My goals in mentoring new researchers are to provide opportunities for students to understand current theoretical issues in behavioral ecology and potentially to integrate conservation issues with behavioral ecology studies. I encourage intensive field research. I expect my students to work towards developing and testing major concepts in the field of behavioral ecology. Students interested in conservation and outreach will also be expected to work at the interface of conservation biology towards developing creative research or citizen science engagement strategies. Such skills will be emphasized in the courses and seminars I teach and through mentoring.
My philosophy in advising graduate students and undergraduates conducting research projects is to emphasize question-driven research. I offer two possibilities:
- Collaborative research with me, which increases the possibility of grant-funded stipends as a form of support and offers frequent one-on-one communication during project development. This model, however, but offers less intellectual freedom and experience in project design and grant-writing than a more independent approach. Within the framework of a collaborative project, I ask students to develop their own piece, so that they have a chance to gain inquiry skills and demonstrate independent research potential, creativity, and research design capability.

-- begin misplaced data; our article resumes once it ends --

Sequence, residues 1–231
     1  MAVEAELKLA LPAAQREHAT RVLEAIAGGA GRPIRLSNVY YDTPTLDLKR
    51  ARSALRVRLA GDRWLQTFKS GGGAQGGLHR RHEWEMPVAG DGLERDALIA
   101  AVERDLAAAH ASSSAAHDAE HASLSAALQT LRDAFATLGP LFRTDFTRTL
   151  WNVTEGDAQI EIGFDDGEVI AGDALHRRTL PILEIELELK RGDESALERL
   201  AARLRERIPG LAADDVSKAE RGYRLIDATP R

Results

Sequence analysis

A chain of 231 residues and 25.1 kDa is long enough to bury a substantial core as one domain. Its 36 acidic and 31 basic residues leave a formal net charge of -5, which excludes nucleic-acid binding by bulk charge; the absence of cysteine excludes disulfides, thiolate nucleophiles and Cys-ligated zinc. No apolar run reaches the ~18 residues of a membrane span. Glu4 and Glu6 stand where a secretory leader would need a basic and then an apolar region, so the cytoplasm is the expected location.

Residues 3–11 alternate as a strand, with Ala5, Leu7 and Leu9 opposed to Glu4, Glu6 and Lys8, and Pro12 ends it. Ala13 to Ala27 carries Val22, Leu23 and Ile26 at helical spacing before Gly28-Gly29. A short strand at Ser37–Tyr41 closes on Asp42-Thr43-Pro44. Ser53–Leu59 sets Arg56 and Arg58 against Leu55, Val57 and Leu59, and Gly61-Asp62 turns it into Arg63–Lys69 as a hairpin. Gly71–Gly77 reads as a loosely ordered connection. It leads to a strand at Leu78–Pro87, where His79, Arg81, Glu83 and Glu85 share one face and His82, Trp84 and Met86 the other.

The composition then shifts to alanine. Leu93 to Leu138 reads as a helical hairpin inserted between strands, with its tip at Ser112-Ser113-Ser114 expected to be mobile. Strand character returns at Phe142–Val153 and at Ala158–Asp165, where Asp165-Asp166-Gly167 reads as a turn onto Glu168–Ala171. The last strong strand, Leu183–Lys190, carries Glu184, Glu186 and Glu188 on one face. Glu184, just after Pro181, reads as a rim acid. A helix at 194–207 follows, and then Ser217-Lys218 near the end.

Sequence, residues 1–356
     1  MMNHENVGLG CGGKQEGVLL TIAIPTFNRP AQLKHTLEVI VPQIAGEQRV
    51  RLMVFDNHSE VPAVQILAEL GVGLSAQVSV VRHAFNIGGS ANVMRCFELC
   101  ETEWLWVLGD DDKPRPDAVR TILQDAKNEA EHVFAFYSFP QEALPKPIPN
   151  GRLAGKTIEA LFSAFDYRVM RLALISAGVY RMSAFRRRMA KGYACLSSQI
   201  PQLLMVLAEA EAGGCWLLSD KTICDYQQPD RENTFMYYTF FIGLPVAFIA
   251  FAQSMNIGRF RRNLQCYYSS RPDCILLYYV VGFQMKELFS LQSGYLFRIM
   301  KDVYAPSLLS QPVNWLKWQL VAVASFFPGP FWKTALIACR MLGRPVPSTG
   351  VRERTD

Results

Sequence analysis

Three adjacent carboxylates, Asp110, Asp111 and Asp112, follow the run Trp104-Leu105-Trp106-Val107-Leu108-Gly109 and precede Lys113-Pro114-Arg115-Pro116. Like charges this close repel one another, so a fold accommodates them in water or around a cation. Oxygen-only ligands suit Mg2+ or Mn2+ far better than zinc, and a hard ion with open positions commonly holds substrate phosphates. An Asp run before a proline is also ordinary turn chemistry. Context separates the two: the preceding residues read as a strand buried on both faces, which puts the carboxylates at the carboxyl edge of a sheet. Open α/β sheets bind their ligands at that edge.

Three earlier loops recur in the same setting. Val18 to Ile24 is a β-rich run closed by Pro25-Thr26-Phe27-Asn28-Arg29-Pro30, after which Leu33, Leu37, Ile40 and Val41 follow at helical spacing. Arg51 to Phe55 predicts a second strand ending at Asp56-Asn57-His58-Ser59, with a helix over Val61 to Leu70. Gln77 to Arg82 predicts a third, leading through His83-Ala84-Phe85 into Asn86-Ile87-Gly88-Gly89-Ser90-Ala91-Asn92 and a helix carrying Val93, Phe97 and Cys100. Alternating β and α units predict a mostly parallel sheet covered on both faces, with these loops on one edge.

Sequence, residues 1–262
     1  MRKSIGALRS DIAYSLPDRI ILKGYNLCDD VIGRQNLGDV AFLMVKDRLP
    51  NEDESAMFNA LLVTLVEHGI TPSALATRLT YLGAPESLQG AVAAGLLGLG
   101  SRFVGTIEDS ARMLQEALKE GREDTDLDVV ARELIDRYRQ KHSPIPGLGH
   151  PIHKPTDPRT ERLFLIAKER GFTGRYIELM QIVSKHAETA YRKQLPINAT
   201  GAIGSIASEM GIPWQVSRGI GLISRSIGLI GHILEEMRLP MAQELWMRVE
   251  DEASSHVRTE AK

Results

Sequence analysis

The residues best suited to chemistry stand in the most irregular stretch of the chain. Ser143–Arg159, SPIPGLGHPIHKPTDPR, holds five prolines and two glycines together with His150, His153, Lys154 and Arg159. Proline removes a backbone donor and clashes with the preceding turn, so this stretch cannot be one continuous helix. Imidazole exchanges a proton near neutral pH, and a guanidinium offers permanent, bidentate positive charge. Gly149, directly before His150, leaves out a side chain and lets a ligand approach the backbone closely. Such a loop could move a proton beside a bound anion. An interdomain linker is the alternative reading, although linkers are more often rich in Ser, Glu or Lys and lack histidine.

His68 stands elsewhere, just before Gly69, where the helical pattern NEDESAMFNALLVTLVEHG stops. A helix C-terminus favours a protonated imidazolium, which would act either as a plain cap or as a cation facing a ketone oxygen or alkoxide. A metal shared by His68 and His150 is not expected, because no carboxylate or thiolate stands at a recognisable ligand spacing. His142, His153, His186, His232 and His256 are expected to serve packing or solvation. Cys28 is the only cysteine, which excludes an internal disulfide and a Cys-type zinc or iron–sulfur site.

- The second model I offer is a guided experience in which the student chooses his or her own project and collaborators, secures funding through small grants (e.g. App State; Sigma Xi; Chapman Fund) essentially taking on the role of principal investigator in a project of his/her own design. The model is really only appropriate for students who plan to pursue a PhD and who feel comfortable accepting this challenge.
If you are interested in working in my lab, please email me.